How to make a coup disappear
Edited by Sam Thielman
When I was a kid, magicians were celebrities; the most famous by far was David Copperfield. His most renowned trick came in the fall of 1982 when, in front of a small live audience, he made the Statue of Liberty disappear. It was broadcast as a prime-time special the following April on CBS. An estimated 50 million people — one in five Americans at the time — tuned in.
The technical part of the illusion was stupidly simple: Copperfield and his audience were on a rotating stage. A curtain was raised, then the stage rotated very slowly, until the statue was out of the audience’s and the TV cameras’ carefully concocted line of sight. Loud, bass-heavy music pumped from speakers on the platform masked vibrations from the wheels and motor.
But as any magician will tell you, the key to performing an illusion is making an audience want to believe it. Copperfield did this with a bit of inspirational (and possibly partly fictitious) patter, delivered halfway through the trick, just before he made the statue “reappear”:
“I want to tell you why I did this. My mother was the first one to tell me about the Statue of Liberty. She saw at first from the deck of the ship that brought her to America: She was an immigrant. She impressed upon me how precious our liberty is and how easily it can be lost. And then one day it occurred to me that I could show with magic how we take our freedom for granted.”
Four decades later, the cult around another 80’s celeb is outdoing Copperfield in audacity. Immediately after Jan. 6, 2021, Americans almost universally agreed that a major political crime had occurred. It wasn’t just earnest liberal institutionalists who thought that way: A Pew Survey conducted the week after the riot found that three in four U.S. adults, including over half of Republicans, thought Donald Trump bore at least some personal responsibility for the assault. A full 87% told pollsters “it was very or somewhat important for federal law enforcement agents to find and prosecute those who broke into the Capitol.”
The anger was so intense that Trump, who was just weeks away from being ushered out of office, became the first in the entire 232-year history of the presidency to be impeached twice. As the Jan. 6 Committee alleged this week, an as-yet-unknown number of Republican members of Congress begged Trump for pardons “for their roles in attempting to overturn the 2020 election” — suggesting that even this group not known for its fear of accountability was convinced the hammer was about to come down. (The Jan. 6 panel named Rep. Scott Perry of Pennsylvania as one who asked Trump for a pardon. Rep. Barry Loudermilk of Georgia may have been another — according to video evidence submitted by the panel, Loudermilk led at least one participant in the insurrection on a Jan. 5 tour beneath the Capitol complex that included hallways, staircases, security checkpoints, and other sites “not typically of interest to tourists.”)
On Jan. 7, 2021, Trump White House attorney John Eastman — the former Clarence Thomas clerk who was later revealed as the author of the plan to have Vice President Mike Pence unilaterally throw out the results of the election — was told by his colleague Eric Herschmann: “Get a great f’ing criminal defense lawyer. You’re going to need it.”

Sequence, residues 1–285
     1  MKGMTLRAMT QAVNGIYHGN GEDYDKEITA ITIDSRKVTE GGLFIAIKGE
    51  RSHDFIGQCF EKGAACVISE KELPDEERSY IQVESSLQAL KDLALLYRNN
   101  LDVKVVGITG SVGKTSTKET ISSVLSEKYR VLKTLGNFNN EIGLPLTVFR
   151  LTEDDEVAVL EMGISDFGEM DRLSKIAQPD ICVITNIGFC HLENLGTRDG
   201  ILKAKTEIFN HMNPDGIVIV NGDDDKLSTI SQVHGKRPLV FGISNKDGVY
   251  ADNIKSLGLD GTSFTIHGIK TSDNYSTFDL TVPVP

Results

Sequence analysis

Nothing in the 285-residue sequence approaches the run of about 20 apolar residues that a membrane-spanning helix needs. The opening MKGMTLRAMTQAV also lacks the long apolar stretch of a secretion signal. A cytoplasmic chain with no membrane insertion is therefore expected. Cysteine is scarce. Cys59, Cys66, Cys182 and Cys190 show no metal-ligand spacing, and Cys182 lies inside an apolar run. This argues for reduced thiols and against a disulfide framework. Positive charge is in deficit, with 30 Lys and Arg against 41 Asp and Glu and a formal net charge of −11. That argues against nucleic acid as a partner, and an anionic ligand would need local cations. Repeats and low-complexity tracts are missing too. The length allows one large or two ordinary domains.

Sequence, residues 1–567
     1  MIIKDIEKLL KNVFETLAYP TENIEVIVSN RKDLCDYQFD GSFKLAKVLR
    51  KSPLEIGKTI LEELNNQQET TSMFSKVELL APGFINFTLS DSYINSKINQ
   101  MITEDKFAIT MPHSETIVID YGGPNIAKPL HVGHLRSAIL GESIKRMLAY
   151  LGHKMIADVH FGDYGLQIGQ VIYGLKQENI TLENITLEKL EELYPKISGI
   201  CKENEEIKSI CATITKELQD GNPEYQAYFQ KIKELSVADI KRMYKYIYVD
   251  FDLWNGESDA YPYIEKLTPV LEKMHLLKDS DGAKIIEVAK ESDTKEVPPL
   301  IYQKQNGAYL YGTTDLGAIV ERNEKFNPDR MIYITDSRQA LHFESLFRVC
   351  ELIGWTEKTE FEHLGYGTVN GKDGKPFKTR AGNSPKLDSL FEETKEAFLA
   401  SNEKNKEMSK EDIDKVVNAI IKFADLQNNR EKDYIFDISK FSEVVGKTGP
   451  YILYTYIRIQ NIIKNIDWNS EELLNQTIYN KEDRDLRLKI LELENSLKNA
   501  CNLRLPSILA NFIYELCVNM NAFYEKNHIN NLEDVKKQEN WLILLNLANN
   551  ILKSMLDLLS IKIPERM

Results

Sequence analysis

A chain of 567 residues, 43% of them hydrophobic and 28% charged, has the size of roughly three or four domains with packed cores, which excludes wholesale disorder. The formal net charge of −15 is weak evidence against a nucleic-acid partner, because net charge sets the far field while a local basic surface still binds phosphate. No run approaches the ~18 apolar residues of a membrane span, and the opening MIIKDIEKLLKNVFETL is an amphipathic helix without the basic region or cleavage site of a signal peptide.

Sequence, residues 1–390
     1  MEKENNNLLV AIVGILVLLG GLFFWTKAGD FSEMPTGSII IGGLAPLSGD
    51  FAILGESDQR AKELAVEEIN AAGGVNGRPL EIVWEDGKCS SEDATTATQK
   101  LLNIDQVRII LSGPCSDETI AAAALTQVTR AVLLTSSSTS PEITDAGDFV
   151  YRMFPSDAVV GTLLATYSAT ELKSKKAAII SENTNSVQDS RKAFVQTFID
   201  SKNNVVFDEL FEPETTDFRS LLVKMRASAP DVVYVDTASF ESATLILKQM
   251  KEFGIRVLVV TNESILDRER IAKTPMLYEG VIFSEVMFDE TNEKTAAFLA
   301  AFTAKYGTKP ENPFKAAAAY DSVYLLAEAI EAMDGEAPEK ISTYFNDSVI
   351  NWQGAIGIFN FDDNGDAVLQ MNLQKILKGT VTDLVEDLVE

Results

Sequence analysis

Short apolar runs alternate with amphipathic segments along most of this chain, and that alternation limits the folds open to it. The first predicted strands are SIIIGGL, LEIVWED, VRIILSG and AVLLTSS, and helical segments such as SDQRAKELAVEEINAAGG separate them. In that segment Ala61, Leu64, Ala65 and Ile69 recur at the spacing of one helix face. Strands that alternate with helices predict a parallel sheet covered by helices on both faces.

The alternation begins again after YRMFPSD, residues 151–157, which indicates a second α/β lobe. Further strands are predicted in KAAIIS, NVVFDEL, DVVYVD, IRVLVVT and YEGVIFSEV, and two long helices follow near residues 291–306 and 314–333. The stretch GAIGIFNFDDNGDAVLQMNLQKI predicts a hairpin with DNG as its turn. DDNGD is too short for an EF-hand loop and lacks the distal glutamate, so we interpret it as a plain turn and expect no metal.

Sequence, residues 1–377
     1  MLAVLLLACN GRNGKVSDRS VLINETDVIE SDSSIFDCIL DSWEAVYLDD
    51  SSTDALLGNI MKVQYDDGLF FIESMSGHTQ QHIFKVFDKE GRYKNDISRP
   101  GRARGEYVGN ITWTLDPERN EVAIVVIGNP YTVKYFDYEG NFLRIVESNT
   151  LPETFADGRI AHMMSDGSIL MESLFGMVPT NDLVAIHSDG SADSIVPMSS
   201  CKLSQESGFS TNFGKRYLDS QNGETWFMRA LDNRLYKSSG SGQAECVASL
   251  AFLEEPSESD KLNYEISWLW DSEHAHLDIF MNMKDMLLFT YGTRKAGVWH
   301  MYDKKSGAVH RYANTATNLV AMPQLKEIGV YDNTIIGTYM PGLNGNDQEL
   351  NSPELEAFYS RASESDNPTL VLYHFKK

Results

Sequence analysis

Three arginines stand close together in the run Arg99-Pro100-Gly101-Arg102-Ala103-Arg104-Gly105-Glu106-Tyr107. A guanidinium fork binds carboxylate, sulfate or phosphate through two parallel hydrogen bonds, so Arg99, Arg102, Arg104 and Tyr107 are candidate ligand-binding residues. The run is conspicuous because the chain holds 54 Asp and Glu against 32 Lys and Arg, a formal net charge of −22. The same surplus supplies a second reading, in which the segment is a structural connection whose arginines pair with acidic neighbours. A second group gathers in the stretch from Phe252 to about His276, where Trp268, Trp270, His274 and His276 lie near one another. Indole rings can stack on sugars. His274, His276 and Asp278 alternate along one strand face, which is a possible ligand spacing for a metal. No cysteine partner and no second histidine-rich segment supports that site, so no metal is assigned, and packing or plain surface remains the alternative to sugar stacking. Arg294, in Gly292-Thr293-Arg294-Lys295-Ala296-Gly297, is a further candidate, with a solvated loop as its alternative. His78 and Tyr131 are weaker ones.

Yet just over a year after the failed putsch, it’s questionable whether any of those pardons or lawyers will even be needed. Even as evidence of a multi-pronged self-coup accumulates, Americans’ conviction about what they saw happen in real time has started to wane. From January 2021 to January 2022, the number who told Pew that Trump bears “a lot” of responsibility for the attack slid from 52% to 43%. Forty-four percent told a Quinnipiac poll in that same month that “too much is being made of the storming of the U.S. Capitol and it’s time to move on.” Just 53% of respondents had heard as of April that a federal judge found that Trump (and Eastman) had “more likely than not” committed multiple federal crimes — including conspiracy to defraud the American people — in their effort to steal the election.
What keeps so many of us from noticing the ground shifting underfoot? Just like the speakers on Copperfield’s stage, some of it is the noise.
In the seventeen months since the Capitol attack, Americans have been inundated with news and takes about the withdrawal from Afghanistan, the Haitian migrant crisis at Del Rio, the (still ongoing) Russian invasion of Ukraine, inflation, the “critical race theory” panic, the transgender-rights panic, the Buffalo supermarket massacre, the Uvalde school massacre, and no fewer than four COVID waves — and that’s just off the top of my head. There’s a reason the “current thing” meme recently shared by Elon Musk on the site he’s threatening to buy (oh right, that was another one), gets so much traction. There really are a lot of different things, of varying degrees of threat and seriousness, competing for our attention at once. The belated but ongoing Jan. 6 committee hearings are meant to address that fact — though who knows how long the renewed attention will last.